Enjoying good times with a sweet friend! (same name and same age as sister dear, which made for many fab memories and a bit of fun confusion :)

This was about the funkiest cow we'd ever seen. Very, very, very Vermont.

Here is what a girls-walking-down-the-road picture is supposed to look like:

Here is what happens to some people:

And finally, here is Bro #2, playing Memory with a new little friend (there aren't many kids in our community up here so this one totally spoiled us!!!)...

Conference notes coming soon, I promise. :)

The Last Day of Fall (Sort of)

Sunday, November 1, 2015

I'm calling it the Last Day of Fall, because even though technically we're nearly two months away from that date, here in Vermont the weather doesn't always follow the calendar. In fact, it rarely does. As one New Englander put it, "We have eleven months of winter, and one month of awfully poor sleddin'..." Which is more true than most of us care to admit. :)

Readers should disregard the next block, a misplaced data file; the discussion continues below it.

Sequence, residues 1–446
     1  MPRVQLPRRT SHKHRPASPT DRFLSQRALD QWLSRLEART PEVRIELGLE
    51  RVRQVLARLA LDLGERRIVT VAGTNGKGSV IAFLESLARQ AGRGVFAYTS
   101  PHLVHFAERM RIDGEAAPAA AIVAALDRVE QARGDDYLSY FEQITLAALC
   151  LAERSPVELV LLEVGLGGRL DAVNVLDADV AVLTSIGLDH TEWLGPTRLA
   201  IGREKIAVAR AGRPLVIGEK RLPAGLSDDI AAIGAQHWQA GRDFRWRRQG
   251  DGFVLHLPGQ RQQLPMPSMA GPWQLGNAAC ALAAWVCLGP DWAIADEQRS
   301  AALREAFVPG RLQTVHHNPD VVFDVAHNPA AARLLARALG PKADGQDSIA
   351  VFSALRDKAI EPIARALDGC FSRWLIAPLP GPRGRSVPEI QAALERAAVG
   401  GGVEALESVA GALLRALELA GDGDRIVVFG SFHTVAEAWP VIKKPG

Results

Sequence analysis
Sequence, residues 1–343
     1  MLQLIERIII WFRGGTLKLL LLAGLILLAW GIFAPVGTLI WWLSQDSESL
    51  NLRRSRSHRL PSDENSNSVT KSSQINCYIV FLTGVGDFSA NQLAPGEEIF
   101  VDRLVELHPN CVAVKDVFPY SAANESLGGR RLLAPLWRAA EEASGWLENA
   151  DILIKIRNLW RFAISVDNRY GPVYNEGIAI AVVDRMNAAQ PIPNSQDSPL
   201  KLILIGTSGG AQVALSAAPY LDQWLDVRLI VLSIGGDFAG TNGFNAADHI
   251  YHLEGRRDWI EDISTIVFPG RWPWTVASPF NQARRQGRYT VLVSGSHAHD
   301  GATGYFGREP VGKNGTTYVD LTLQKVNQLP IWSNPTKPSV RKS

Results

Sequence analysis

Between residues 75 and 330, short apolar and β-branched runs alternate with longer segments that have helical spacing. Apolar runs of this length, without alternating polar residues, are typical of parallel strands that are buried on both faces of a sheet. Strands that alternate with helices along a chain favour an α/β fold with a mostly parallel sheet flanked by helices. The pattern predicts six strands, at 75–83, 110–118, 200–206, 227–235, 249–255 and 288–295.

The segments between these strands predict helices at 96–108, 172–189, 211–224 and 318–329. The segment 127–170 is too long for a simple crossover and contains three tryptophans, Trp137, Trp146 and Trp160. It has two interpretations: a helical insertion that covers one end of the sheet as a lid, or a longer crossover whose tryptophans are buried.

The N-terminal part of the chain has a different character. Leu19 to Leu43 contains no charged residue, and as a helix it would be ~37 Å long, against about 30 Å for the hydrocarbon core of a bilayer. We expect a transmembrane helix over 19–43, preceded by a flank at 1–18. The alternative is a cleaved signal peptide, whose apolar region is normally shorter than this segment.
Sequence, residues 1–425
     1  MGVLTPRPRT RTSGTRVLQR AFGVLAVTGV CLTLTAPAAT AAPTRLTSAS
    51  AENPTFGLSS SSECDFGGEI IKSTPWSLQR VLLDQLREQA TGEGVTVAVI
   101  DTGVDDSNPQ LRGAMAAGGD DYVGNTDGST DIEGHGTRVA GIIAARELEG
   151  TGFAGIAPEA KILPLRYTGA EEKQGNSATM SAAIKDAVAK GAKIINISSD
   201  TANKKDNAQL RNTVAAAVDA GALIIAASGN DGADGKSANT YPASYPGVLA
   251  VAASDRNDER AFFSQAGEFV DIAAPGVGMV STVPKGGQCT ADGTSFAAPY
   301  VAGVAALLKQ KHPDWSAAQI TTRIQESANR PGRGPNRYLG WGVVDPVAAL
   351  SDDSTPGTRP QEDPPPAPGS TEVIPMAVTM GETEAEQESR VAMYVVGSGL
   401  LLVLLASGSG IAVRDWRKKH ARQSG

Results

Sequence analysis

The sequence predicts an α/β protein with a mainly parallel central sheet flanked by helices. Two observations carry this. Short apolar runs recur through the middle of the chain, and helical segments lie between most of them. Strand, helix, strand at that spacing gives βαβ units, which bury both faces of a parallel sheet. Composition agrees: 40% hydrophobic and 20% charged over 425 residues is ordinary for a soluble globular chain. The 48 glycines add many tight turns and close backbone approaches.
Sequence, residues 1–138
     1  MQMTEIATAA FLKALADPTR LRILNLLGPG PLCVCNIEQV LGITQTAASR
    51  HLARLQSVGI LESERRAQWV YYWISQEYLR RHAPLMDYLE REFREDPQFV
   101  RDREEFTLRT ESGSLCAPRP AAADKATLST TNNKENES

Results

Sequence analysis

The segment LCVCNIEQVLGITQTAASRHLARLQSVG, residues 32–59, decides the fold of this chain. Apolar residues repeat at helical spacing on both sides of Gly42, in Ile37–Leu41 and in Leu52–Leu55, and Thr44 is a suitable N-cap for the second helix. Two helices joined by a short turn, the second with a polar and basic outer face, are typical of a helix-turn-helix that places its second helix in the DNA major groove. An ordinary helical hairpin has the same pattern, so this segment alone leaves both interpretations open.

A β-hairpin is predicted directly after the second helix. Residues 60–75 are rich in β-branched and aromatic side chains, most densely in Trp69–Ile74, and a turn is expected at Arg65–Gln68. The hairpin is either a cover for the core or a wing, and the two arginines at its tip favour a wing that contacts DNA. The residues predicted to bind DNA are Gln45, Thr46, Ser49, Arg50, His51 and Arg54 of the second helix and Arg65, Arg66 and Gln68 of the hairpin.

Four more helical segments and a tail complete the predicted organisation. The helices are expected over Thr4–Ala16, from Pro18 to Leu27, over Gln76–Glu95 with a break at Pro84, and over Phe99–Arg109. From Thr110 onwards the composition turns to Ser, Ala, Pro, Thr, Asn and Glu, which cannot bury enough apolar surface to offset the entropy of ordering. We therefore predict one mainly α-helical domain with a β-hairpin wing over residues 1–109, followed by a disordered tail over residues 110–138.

So, a couple of days ago when the sun was shining and it was warm enough not to wear a jacket, we all seized the opportunity and headed outside.

I see future warmth and comfort in this picture. I also see men who will soon be coming inside wanting something hearty to eat - something like chili, burritos, enchiladas, bread, bacon, pancakes, soup, lasagna, and coffee & donuts.

I love my job.

I also loved this job - pulling out the old bits of ferns and weeds and making the retaining wall look nice and clean again, the way retaining walls dream of looking.

Meanwhile, bro #2 and bro #3 were busy collecting a giant leaf pile. The yard went from being completely carpeted in leaves to looking beautiful and green again, which made for this wonderfully comfy and inviting place to jump into.

So of course Ibs & I jumped in. And as we had thought it would be, it was VERY comfortable and VERY pleasant to just lie there, feeling like we were engulfed in the very essence of Autumn.

We were settling lower and lower, smelling the wonderful nutty fragrance of the old leaves, and feeling the coolness drifting about us...

...when Ibs spotted the first spider. And then the second. And then the third. They were huge, fat, grey, hairy-legged, large-bottomed, big-toothed, menacing, and ill-mannered, and they apparently felt quite at home in our leaf pile.